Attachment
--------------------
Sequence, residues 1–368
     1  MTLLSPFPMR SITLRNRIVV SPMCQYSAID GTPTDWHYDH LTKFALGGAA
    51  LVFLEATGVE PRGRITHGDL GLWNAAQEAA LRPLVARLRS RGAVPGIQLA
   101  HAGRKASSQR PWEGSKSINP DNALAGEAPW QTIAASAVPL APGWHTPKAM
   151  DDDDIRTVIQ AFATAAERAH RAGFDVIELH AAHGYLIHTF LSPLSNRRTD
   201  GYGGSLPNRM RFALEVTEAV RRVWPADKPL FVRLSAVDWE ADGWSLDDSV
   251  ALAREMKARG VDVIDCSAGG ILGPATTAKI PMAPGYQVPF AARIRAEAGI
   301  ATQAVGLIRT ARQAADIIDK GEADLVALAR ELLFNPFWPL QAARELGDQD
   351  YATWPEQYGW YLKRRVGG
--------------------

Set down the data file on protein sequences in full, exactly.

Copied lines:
Sequence, residues 1–368
     1  MTLLSPFPMR SITLRNRIVV SPMCQYSAID GTPTDWHYDH LTKFALGGAA
    51  LVFLEATGVE PRGRITHGDL GLWNAAQEAA LRPLVARLRS RGAVPGIQLA
   101  HAGRKASSQR PWEGSKSINP DNALAGEAPW QTIAASAVPL APGWHTPKAM
   151  DDDDIRTVIQ AFATAAERAH RAGFDVIELH AAHGYLIHTF LSPLSNRRTD
   201  GYGGSLPNRM RFALEVTEAV RRVWPADKPL FVRLSAVDWE ADGWSLDDSV
   251  ALAREMKARG VDVIDCSAGG ILGPATTAKI PMAPGYQVPF AARIRAEAGI
   301  ATQAVGLIRT ARQAADIIDK GEADLVALAR ELLFNPFWPL QAARELGDQD
   351  YATWPEQYGW YLKRRVGG